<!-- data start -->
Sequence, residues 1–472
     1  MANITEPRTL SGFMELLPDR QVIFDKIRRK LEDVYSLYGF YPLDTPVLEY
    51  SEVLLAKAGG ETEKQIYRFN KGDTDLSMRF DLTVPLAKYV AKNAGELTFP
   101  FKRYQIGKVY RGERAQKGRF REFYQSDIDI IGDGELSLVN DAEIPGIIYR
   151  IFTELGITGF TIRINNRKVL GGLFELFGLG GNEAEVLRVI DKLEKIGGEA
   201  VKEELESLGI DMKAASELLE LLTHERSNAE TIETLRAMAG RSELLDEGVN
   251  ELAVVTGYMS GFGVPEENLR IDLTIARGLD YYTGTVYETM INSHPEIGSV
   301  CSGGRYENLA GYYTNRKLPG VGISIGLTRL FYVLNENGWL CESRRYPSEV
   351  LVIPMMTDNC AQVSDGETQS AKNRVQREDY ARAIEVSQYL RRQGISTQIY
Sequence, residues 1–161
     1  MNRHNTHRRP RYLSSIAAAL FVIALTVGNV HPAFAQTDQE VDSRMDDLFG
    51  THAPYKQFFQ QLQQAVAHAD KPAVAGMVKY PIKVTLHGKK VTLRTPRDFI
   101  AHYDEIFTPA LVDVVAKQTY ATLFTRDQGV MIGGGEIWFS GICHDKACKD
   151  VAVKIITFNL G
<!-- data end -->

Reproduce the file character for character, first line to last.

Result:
Sequence, residues 1–472
     1  MANITEPRTL SGFMELLPDR QVIFDKIRRK LEDVYSLYGF YPLDTPVLEY
    51  SEVLLAKAGG ETEKQIYRFN KGDTDLSMRF DLTVPLAKYV AKNAGELTFP
   101  FKRYQIGKVY RGERAQKGRF REFYQSDIDI IGDGELSLVN DAEIPGIIYR
   151  IFTELGITGF TIRINNRKVL GGLFELFGLG GNEAEVLRVI DKLEKIGGEA
   201  VKEELESLGI DMKAASELLE LLTHERSNAE TIETLRAMAG RSELLDEGVN
   251  ELAVVTGYMS GFGVPEENLR IDLTIARGLD YYTGTVYETM INSHPEIGSV
   301  CSGGRYENLA GYYTNRKLPG VGISIGLTRL FYVLNENGWL CESRRYPSEV
   351  LVIPMMTDNC AQVSDGETQS AKNRVQREDY ARAIEVSQYL RRQGISTQIY
Sequence, residues 1–161
     1  MNRHNTHRRP RYLSSIAAAL FVIALTVGNV HPAFAQTDQE VDSRMDDLFG
    51  THAPYKQFFQ QLQQAVAHAD KPAVAGMVKY PIKVTLHGKK VTLRTPRDFI
   101  AHYDEIFTPA LVDVVAKQTY ATLFTRDQGV MIGGGEIWFS GICHDKACKD
   151  VAVKIITFNL G